Gaza’s health system is collapsing rapidly

A World Health Organization team has warned that Gaza’s medical system is rapidly falling apart. 

Ali Hamad APA images

Fayza Hajo needs to regularly visit a clinic so that she can be treated for diabetes.

In the early stages of Israel’s current war against Gaza, it took many attempts before she could reach the clinic. Eventually, she made it there.

She is supposed to make another trip. But it is now too unsafe.

Israel has ordered the complete evacuation of the Maan area in Khan Younis, southern Gaza, where the clinic is located.

“The area has become very dangerous,” she said.

Hajo, 60, is unable to buy insulin. She doesn’t have sufficient funds and, in any event, many essential medicines are not available.

“There is absolutely no other solution” to receiving treatment, she said. “I cannot delay it. Otherwise, I will have diabetic attacks.”

Israel has repeatedly fired on and invaded hospitals during its genocidal war against Gaza. Many have been forced to halt their work.

Just 15 out of Gaza’s 36 hospitals are now functioning – and just partly.

Israel has repeatedly refused the World Health Organization and other international bodies permission to deliver medical stocks at Gaza City’s Central Drug Store.

The WHO has been unable to access hospitals in the northern half of Gaza for the past two weeks.

Its work in the Middle Area and further south has been hampered by Israel’s attacks on hospitals.

The WHO needs to bring fuel for ambulances and other supplies to hospitals. Violence in their vicinity prevents patients and ambulances from accessing them.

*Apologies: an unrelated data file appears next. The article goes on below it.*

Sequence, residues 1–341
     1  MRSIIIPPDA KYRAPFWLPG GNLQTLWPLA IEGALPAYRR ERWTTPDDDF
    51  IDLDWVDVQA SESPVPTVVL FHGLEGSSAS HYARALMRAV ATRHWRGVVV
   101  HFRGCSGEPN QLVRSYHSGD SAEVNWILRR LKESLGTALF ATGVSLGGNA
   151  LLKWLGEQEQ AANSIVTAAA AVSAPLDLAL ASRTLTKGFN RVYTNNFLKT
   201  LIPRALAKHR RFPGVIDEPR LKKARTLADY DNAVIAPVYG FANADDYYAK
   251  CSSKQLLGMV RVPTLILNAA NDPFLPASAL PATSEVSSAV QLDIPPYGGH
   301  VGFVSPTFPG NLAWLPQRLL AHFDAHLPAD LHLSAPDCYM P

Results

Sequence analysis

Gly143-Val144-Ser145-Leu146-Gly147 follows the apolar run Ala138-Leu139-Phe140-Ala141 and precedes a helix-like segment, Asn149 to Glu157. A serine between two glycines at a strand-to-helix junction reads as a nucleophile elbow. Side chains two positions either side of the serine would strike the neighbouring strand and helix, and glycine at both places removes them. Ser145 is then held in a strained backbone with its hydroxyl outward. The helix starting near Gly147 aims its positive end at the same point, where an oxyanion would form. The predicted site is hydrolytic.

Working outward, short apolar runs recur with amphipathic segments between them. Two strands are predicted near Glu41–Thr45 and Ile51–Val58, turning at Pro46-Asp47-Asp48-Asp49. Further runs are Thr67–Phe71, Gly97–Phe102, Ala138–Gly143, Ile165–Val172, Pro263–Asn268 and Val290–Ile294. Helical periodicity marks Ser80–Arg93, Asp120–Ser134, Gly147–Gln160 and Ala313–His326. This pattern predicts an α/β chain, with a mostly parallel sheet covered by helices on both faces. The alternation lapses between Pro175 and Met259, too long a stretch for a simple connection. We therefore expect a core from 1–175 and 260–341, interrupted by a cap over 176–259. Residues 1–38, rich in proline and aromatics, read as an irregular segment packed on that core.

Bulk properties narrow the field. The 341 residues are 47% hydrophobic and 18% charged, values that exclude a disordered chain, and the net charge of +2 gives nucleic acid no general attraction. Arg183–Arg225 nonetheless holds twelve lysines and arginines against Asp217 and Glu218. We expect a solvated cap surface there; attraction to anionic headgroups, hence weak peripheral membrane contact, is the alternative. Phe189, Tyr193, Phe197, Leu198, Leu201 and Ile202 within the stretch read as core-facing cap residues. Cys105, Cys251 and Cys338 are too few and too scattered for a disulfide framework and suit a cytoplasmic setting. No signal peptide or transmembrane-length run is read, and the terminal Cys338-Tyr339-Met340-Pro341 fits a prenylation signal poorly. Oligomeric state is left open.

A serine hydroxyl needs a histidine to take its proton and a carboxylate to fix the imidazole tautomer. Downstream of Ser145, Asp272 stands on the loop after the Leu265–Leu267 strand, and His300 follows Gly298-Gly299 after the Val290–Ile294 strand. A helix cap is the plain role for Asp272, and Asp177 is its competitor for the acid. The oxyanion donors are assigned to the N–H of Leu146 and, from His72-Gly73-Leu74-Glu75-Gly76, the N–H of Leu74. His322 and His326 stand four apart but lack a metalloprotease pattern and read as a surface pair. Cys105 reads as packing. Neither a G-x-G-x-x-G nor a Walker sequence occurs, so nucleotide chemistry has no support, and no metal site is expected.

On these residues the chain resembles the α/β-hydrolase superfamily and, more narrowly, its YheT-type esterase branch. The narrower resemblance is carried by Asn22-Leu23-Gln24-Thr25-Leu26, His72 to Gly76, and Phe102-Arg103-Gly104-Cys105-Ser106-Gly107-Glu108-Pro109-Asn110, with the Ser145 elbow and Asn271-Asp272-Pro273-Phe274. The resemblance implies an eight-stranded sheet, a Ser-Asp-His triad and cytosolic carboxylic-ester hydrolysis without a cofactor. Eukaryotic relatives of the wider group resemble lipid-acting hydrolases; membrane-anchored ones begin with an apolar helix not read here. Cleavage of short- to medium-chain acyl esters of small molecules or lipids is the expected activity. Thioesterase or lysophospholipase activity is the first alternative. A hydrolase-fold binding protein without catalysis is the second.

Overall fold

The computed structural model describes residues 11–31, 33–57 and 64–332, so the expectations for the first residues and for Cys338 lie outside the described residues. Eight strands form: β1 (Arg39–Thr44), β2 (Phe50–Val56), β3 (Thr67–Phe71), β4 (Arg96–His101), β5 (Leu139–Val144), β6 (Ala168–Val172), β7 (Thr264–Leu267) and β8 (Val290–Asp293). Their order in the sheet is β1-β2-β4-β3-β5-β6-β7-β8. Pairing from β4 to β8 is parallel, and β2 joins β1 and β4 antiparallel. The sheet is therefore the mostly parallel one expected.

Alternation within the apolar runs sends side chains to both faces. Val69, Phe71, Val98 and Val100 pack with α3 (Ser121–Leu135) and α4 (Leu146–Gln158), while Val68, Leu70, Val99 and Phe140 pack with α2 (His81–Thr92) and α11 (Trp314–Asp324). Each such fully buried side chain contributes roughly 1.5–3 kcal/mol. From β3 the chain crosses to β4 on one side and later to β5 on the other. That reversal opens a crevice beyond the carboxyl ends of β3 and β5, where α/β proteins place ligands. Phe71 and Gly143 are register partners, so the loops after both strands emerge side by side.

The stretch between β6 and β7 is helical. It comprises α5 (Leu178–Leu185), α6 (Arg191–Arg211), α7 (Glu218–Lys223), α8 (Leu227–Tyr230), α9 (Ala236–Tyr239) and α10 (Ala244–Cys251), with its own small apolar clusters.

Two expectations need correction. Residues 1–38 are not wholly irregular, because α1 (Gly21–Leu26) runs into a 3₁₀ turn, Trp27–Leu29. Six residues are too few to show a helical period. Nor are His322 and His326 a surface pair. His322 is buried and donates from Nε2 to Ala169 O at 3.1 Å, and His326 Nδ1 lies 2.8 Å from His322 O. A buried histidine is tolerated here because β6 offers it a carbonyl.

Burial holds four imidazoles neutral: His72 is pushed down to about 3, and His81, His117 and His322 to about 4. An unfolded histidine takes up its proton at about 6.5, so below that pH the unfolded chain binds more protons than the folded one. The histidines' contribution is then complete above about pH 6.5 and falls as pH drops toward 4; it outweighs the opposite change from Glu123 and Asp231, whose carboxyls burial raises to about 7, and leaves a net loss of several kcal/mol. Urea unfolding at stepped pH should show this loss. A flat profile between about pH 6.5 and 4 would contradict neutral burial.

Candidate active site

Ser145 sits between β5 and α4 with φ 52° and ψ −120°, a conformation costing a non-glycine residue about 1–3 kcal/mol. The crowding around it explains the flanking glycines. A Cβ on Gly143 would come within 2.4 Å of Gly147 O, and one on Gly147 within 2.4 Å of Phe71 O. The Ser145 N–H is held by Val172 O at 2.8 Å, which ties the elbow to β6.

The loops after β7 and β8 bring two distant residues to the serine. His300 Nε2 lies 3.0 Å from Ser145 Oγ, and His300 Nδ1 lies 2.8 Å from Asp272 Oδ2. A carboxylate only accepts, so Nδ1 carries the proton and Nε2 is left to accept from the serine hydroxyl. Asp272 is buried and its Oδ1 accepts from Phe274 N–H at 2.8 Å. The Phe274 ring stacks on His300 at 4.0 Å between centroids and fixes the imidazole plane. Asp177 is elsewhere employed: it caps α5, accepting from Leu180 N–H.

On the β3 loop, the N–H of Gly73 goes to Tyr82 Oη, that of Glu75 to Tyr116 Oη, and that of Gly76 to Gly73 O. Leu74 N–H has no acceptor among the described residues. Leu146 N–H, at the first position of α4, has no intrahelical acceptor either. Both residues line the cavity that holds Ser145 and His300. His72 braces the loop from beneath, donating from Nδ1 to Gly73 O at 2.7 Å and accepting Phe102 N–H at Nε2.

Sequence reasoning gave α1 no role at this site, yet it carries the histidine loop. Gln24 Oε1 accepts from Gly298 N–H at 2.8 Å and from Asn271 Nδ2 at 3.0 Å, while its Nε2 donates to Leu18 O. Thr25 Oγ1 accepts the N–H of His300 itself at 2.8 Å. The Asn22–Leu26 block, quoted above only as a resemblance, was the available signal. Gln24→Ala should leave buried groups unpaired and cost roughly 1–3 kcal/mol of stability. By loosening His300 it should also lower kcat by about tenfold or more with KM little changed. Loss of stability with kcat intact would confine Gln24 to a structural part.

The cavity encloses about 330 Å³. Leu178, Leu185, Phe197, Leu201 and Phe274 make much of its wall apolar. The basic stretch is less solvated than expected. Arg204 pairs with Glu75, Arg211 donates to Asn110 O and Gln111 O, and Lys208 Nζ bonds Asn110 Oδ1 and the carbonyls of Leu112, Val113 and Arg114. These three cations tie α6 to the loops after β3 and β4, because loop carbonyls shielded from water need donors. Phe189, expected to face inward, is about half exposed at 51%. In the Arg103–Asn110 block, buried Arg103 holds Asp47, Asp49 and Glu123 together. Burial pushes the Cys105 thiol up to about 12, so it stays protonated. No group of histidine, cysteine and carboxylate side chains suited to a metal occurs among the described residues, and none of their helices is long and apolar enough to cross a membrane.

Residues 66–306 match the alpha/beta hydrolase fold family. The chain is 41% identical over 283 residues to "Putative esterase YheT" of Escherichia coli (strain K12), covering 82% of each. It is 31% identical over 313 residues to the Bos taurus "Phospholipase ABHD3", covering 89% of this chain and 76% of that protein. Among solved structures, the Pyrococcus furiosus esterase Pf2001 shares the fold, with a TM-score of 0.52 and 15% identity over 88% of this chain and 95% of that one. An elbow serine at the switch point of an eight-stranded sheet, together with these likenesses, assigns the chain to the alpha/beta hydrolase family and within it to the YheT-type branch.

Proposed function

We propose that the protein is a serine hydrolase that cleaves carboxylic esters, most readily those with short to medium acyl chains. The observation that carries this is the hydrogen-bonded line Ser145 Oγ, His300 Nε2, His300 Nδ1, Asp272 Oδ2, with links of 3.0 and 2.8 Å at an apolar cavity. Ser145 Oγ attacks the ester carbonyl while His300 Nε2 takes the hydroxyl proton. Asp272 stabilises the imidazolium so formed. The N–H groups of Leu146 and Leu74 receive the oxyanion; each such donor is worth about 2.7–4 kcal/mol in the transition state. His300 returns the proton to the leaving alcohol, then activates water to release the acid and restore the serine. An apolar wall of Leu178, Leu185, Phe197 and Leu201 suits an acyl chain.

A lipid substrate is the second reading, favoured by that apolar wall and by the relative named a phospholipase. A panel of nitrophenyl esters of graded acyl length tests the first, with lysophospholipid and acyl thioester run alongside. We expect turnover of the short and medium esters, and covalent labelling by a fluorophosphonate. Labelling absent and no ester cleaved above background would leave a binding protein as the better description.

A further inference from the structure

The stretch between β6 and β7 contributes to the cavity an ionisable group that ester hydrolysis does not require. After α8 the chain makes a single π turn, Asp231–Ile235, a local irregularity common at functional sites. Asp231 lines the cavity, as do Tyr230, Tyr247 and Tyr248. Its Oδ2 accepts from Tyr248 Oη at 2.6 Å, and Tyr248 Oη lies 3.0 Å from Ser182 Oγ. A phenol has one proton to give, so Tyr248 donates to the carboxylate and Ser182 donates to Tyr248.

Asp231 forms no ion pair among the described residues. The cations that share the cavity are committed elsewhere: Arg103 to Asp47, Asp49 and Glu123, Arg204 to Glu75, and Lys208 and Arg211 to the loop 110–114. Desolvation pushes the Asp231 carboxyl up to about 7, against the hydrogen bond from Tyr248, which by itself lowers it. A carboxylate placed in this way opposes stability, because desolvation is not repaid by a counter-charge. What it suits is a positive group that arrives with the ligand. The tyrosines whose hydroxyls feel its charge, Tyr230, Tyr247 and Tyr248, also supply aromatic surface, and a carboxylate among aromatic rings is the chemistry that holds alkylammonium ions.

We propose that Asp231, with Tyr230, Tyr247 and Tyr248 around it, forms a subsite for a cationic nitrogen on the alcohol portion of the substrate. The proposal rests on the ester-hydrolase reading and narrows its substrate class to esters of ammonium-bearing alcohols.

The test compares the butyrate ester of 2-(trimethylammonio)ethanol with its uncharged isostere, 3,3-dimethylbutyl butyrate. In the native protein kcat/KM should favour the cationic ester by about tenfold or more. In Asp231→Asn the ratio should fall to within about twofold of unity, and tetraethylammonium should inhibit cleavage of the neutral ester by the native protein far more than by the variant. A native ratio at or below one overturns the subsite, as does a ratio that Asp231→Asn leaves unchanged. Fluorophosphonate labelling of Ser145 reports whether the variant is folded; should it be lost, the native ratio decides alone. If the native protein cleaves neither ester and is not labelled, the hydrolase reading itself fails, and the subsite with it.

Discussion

According to the WHO, the medical system in Gaza is collapsing rapidly.

Three hospitals in the cities of Deir al-Balah and Khan Younis are at risk of closure. The surrounding areas have been attacked and their inhabitants ordered to leave.

“Who will take care of my children?”

Salem Barbakh is taking shelter at a school in Khan Younis, after having to leave his home. He is very worried about his brother Muhammad, a 30-year-old who requires kidney dialysis every two weeks.

“Unfortunately we cannot bring him to the hospital,” Salem said.

The scarcity of clean water in Gaza is adding to the family’s problems.

“The water is very salty,” said Salem. “That affects him in a bad way. Every day I walk to different shelters to collect bottles of clean water for my brother. I’m trying to ensure his health is not damaged severely.”

The family was distressed to learn that one of its neighbors recently died from kidney failure. The man in question had not received the treatment he required during the current war.

“We are living in a state of great anxiety because of the constant bombing, because nothing is available and because of my brother’s health problems,” Salem said. “We don’t want to lose him and we are trying to do what we can for him.”

Sawsan al-Aqraa, 45, is taking shelter at the European Gaza Hospital near Khan Younis. She is staying in a tent with her four children after moving repeatedly since the war was declared.

For the past eight years, al-Aqraa has been unwell with blood pressure issues. Finding the medicine she needs has been an ordeal.

None was available in pharmacies.

Through the help of doctors that her family knows, she finally found some medicine. “But I only have enough for a week,” she said.

“I don’t want my condition to get worse or have complications,” she added. “Who will take care of my children?”

“They need to eat, even if it is very little. They need someone to keep an eye on them because this place is crowded. And we’re worried that this crowding will result in the spread of infections. The children need me to comfort them. They are afraid. The bombing never stops even for a moment.”

Ruwaida Amer is a journalist based in Gaza.